You know it’s going to be one of those groups, when you just rounded the corner trying to catch up to “hopalong tankaday”, and you get a facefull of ignored Skirmisher all up in your roots.

So, yay, I self-heal through that, while tossing my HoTs around and begin getting down to serious healing. This group, tank included, are taking just a massive amount of fast damage.

Wow, what the heck?

I’m running the Gearscore addon these days, NOT to judge people’s worthiness to be in my groups, but for just this type of situation. By looking at each player’s portrait in the party, I quickly see I’ve got a Paladin tank with a 5600 Gearscore, I’ve got two players, Death Knight and Shadow Priest with 3K GS (or under, actually, both were like right on the edge of 3K) who are both in the same guild, and a Warlock at around 4K.

By way of comparison, my healing gear on my Druid is pretty solid from Emblems and Heroic PoS/FoS drops, and it’s gemmed and enchanted properly, and I’m at 4.8K GS. I’ve even got a Frost cloak. So 5600 tells me that’s someone in pretty good raiding gear, and 3K tells me a couple pretty new level 80s in mostly Blues and a few crafted Epics or drops, and 4K tells me the player is working their way up nicely.

Notice I make no judgments on skill at all here. I’m simply making assumptions on current gear level, where it may have come from, and set a few expectations on where they might be in terms of DPS and survivability.

It’s handy, as I said, specifically for situation like this. Because the tank actually says, while on the first boss, “C’mon DPS, wake up, you suck.”

Well, no, actually, considering the comparative levels of their gear, they’re doing pretty damn good. I’m very impressed with what the Shadow Priest is squeezing out of her gear, that’s a player spot on.

But okay, whatever, we’re moving too fast for me to type.

Boom, we get down to the next boss area, we’re flying along, killing, clearing, boss goes down, moving on.

We get to the two large mobs just before the last boss, and one of the players, the Shadow Priest I think, is back a ways. They haven’t caught up to us, and wonder of wonders, the tank didn’t just run ahead and pull without them.

But he DOES take the time to get bitchy in chat.

“Are you coming or what? We don’t have all day, get over here.”

I take the time to reply, “Since we’re sitting here waiting and you’re bored, how about buffing me with Kings, since you never gave anyone Paladin buffs yet?”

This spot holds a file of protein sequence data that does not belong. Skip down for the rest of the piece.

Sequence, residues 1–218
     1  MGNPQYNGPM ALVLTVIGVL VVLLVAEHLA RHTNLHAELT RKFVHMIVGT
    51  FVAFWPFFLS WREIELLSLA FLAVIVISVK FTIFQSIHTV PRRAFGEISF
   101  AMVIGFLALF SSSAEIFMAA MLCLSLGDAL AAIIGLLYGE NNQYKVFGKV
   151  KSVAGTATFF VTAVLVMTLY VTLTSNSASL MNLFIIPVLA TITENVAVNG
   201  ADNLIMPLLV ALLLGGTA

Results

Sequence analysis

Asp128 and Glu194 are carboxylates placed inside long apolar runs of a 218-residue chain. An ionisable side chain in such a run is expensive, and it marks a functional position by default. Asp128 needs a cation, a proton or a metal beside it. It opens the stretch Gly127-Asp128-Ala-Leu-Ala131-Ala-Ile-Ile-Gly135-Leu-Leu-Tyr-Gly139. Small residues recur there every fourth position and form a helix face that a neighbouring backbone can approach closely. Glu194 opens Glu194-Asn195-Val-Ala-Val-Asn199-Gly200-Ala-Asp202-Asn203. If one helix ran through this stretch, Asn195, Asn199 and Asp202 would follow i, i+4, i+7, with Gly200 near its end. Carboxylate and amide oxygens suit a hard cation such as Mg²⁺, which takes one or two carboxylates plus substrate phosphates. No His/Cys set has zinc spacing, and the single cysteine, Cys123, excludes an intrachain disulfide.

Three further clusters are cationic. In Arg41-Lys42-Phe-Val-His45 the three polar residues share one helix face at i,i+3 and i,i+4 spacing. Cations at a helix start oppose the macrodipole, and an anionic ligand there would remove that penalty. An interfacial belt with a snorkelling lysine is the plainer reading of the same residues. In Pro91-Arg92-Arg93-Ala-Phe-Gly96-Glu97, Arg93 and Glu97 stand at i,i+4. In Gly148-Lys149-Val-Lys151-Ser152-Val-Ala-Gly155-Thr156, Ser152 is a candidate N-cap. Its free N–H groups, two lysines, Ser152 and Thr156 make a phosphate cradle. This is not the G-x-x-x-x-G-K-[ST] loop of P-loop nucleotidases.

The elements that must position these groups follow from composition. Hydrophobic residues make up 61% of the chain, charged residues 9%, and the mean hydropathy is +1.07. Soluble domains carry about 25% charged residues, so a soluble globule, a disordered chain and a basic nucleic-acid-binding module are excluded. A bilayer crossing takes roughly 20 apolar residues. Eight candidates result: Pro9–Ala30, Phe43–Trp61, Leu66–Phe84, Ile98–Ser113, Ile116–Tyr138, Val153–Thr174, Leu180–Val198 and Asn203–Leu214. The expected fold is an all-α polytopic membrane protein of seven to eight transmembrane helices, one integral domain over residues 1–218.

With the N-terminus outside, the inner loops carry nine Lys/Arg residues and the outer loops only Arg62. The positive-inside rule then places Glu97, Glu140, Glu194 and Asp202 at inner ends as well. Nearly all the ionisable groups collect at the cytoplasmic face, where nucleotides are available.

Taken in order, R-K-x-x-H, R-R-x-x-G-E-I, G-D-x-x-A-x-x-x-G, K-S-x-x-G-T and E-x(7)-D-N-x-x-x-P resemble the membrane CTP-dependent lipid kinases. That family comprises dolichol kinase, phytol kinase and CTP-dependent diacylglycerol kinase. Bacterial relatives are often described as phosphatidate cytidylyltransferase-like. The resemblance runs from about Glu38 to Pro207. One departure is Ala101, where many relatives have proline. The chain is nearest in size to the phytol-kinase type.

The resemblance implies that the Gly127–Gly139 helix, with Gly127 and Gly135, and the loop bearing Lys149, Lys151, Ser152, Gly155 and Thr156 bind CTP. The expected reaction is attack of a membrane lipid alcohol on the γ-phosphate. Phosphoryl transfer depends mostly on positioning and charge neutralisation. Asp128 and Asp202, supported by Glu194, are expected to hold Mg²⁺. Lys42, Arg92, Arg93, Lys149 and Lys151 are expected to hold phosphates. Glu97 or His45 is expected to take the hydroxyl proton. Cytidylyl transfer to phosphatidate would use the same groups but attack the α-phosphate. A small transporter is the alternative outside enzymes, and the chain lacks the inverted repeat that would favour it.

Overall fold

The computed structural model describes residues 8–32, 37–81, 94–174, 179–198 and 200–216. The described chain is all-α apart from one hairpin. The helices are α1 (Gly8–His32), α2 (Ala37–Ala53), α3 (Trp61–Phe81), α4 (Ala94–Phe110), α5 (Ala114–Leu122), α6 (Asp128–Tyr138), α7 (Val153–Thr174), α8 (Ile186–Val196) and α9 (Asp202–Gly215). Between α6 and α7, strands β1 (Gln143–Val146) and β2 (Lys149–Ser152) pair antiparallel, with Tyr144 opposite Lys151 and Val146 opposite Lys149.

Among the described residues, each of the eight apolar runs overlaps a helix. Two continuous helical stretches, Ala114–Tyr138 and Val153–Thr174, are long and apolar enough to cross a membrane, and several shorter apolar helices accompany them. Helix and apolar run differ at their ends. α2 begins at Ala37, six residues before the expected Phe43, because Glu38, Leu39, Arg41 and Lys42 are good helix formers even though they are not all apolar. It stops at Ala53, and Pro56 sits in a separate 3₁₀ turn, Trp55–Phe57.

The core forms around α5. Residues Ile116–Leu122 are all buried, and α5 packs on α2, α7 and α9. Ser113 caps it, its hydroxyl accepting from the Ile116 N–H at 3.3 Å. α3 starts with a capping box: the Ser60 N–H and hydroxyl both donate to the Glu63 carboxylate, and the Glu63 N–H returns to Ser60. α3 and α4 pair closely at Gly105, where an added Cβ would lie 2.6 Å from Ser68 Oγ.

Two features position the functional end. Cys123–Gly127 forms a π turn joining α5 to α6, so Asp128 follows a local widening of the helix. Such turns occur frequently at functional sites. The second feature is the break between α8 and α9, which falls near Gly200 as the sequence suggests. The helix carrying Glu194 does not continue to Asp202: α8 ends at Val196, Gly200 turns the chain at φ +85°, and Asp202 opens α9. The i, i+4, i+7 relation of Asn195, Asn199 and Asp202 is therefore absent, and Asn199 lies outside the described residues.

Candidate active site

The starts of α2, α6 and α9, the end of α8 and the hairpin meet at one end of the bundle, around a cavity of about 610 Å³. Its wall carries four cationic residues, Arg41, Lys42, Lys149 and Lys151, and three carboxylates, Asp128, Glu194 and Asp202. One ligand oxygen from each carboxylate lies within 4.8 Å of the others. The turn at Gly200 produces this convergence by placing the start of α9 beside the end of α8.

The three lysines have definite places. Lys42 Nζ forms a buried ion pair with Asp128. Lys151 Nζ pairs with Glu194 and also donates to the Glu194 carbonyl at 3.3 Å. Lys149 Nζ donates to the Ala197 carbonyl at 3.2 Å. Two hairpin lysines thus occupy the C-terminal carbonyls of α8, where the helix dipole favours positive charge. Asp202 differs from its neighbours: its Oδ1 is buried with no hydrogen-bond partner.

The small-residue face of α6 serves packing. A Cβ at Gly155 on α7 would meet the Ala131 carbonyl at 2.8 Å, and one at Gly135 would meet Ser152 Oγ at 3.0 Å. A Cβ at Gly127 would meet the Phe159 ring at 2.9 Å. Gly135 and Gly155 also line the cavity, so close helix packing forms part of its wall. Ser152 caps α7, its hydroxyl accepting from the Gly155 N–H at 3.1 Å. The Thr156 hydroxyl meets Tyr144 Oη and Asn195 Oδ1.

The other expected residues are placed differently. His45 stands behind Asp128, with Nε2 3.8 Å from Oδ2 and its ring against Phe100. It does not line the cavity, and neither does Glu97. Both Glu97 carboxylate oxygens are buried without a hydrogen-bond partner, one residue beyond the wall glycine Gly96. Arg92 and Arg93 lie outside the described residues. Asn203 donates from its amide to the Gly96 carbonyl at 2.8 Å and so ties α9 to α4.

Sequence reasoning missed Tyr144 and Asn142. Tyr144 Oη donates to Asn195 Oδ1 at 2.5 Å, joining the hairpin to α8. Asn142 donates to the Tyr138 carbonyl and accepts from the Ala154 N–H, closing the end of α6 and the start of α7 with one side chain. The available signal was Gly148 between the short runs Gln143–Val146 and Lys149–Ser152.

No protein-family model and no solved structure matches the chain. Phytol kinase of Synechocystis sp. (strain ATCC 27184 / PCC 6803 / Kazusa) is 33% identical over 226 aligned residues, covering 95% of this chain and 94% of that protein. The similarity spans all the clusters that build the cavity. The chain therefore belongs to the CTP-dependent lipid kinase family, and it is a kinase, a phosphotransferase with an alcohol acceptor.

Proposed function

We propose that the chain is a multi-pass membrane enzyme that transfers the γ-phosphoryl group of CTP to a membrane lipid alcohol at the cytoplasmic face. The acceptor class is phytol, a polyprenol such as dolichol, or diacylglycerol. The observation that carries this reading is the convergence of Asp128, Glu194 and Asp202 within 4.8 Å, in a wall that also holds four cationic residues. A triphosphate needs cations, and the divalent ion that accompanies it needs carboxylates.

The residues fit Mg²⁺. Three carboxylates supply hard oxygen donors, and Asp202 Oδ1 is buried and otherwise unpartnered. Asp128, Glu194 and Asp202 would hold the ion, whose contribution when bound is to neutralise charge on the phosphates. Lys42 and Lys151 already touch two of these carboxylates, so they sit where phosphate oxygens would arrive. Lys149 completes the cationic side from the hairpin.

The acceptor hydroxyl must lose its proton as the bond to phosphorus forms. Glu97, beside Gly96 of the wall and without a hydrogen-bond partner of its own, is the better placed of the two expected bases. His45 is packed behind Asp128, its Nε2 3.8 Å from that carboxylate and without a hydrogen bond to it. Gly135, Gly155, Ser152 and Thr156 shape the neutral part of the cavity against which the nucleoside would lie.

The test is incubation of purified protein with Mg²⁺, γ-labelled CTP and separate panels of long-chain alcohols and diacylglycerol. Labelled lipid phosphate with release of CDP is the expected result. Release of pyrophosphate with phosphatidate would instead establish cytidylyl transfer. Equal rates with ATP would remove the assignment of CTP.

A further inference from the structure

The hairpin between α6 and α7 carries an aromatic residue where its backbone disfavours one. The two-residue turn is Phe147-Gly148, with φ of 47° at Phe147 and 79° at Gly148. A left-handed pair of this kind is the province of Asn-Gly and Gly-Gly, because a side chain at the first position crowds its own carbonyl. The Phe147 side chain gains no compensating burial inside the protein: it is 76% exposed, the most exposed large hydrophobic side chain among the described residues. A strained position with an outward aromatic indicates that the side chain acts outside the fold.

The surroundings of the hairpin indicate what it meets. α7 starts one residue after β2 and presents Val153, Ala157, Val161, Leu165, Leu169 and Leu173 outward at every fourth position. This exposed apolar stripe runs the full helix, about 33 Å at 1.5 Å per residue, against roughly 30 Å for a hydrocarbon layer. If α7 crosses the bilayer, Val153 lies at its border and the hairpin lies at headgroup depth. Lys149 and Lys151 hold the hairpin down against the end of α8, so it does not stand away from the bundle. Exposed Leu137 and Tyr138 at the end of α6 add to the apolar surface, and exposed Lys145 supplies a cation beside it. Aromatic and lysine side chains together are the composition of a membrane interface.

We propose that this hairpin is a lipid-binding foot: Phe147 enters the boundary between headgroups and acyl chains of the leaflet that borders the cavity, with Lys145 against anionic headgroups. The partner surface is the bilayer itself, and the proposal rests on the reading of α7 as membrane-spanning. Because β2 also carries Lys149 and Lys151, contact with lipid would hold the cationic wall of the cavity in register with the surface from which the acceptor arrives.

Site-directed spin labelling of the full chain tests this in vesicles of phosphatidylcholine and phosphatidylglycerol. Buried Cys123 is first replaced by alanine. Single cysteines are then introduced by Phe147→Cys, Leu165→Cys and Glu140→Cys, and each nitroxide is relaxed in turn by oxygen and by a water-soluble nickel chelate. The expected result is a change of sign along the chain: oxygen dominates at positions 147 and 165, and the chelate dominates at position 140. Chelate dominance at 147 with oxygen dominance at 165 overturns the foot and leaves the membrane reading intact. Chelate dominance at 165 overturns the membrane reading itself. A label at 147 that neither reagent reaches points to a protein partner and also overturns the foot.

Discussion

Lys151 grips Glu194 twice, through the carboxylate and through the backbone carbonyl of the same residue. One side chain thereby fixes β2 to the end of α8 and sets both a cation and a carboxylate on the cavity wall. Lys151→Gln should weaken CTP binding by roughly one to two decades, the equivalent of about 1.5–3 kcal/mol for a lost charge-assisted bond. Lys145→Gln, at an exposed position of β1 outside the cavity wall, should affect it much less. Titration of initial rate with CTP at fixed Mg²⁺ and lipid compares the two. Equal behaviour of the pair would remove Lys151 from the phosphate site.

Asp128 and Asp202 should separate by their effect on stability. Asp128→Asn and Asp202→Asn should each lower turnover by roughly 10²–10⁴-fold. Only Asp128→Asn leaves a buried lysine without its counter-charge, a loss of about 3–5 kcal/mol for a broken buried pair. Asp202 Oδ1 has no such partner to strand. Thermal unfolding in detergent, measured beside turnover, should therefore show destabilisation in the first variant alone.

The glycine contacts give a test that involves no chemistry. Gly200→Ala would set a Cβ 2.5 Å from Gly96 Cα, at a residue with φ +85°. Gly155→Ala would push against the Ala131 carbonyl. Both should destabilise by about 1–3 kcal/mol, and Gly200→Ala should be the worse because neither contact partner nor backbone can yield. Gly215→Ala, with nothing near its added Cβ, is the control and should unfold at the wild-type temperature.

Yes, that’s right. A tank too lazy, too rushed or too ‘leet’ to bother buffing the group, not even doing the new standard “I’m too good to give you the buff you want, I’m giving everyone Kings” like you see most of the time these days. 

I get my Kings, and he shuts up.

For now. Oh yes, for now. But there is still one more boss, and this pull will tell me something.

Gear or skill? Care or indifference? Phoning it in or in it to win it?

One pull. We’ll see.

We clear the two mobs, we all line up on the King, and the Paladin runs in to pull.

Here’s the test. How did he pull?

He ran straight forward to the boss and stopped dead right there, boss facing the entrance ramp, and stayed there.

This is the loser way to tank the final boss in Azjol-Nerub.

Whether you want to call it laziness, ignorance, or just-didn’t-give-a-shit, bad tanks run forward on the last boss and stop.

Why?

Pound.

The last boss casts Pound. It has a long cast time, and when it goes off, he casts it in the direction he had originally been facing when he started casting. Well, most of the time. Sometimes he bugs and does whirl around if his main threat target is behind him, as the tank is supposed to be.

Oh, and Pound’s key characteristic is it does a shitload of damage to anyone standing within an area the shape of a cone in front of him. It’s a cone-shaped AoE.

It’s almost enough, sometimes it IS enough, to kill cloth or leather wearing players.

By running forward and stopping right there, the tank is leaving it to everyone else in the party to be aware of the mechanic, and run all the way the long way around the boss to get behind him, and during that time, of course, only instant cast spells and attacks are going off.

And if the other players aren’t aware of the mechanic, then when Pound goes off, guess what? Everyone standing somewhere in front of the damn bug king gets a big facefull of WHAM!